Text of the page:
You know what I think makes humans unique? Our ability to solve problems. Ingenuity. Our can-do attitude. Throughout history, if we found a problem, we sought a solution. Too cold at night? Fire. Killing a mammoth with your hands too deadly? A team of spearman. Flash forward thousands of years and our problems became more sophisticated. Horse and buggy too slow? Automobiles. Candlelight not bright enough? Light bulbs. Washing laundry and dishes too tedious? Washing machines and dishwashers. Typewriters cramping your style? Computers. Computers cramping your style? Android phones. (Have you caught my drift? Good.) Now, some of our solutions are becoming new problems. Cars and electricity emit pollutants and greenhouse gases. Washing machines and dishwashers are using too much water. Computers and cell phones require the mining and eventual disposal of toxic metals. Once again, it’s time for some good ol’ human problem solving.

A Literal Eco-Footprint: Somehow, I don't think this is exactly what Sarah Hobbes and team had in mind.
A Literal Eco-Footprint: Somehow, I don't think this is exactly what Sarah Hobbes and team had in mind.Courtesy urje's photostream (Flickr)

Sarah Hobbes and her collaborators identified a problem: we aren’t doing enough to reduce our household ecologic footprints, especially regarding carbon. Now, they’re working on a solution by researching what influences families to change their living habits and minimize their footprint. This past Sunday’s edition of the Star Tribune covered Sarah’s research story (the Buzz’s own Liza was even quoted!). Sarah Hobbes is an ecologist at the University of Minnesota and a resident fellow at the Institute on the Environment. Her research project doesn’t take place in a lab, but rather in peoples’ home – including the St. Paul house Sarah shares with her husband (also a University of Minnesota ecologist) and two children. The research team uses a 23-page survey to understand what kind of ecological footprint Ramsey and Anoka county homes are leaving. (Btw, kudos to those of you who already completed the lengthy survey! Science really appreciates people like you.)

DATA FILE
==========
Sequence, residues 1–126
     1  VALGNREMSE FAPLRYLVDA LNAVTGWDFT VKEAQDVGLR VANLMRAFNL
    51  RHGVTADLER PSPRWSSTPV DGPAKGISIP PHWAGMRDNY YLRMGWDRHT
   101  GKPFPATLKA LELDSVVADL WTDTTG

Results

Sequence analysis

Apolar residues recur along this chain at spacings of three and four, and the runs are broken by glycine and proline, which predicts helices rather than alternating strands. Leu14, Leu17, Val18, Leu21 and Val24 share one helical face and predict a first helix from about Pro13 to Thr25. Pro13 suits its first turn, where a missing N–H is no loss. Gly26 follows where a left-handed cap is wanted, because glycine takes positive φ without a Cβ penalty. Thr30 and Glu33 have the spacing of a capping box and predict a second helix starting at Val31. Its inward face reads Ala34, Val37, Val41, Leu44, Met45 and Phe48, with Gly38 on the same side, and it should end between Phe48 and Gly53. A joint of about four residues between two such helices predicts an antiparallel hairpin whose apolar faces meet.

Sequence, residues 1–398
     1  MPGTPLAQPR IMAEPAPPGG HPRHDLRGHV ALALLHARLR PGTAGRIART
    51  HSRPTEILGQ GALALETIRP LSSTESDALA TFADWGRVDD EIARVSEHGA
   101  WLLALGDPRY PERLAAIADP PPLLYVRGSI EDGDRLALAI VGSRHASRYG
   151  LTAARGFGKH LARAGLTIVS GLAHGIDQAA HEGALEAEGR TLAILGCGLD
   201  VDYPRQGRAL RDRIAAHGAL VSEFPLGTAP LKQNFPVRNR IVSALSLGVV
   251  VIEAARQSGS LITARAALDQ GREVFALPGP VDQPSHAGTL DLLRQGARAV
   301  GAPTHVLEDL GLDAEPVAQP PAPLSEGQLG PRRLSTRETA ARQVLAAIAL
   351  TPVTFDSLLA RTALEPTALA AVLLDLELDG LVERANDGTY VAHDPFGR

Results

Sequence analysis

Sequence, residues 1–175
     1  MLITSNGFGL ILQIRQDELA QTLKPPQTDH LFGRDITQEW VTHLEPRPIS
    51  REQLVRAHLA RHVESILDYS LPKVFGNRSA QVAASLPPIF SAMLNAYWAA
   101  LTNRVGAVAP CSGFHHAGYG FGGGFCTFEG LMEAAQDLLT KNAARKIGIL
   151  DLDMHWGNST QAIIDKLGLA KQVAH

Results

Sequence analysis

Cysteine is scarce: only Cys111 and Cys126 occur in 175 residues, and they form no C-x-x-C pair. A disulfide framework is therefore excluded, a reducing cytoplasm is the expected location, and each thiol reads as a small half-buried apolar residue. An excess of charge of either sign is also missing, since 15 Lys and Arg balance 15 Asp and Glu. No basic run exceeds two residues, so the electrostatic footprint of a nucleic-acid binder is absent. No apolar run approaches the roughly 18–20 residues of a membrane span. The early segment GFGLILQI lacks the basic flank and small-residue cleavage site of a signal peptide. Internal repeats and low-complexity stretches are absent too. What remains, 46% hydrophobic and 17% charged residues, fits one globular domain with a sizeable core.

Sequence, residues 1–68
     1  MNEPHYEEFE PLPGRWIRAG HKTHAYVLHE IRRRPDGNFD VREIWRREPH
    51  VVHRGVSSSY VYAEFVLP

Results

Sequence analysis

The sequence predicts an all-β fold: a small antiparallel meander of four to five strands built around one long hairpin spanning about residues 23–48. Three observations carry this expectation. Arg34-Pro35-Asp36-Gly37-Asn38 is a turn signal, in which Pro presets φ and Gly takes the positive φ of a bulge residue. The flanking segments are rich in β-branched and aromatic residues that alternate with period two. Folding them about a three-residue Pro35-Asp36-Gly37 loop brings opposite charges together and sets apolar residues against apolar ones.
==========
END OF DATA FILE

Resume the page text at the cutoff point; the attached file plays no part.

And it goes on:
Some of the initial results aren’t surprising: While most of us really do care about the environment,

“For most families, cost and convenience are more important than concern about the environment. People in the suburbs tend to use more fertilizer than those in the urban core. People with bigger houses and bigger families had a bigger carbon footprint, as did people who drove farther to work.” (Star Tribune article)

But what’s most interesting is that competition really gets us going. That is, respondents were motivated to reduce their ecological footprint after they compared their own rank to their neighbors’. Larry Baker, a project collaborator, stated,

“We expect that attitudes will drive 10 or 20 percent of the carbon emissions… If we could reduce energy use by 20 percent, that would be a huge benefit.” (Start Tribune article)

No kidding! That would be fantastic!! The full survey report hasn’t been published yet, but I’m sure looking forward to the recommended solution.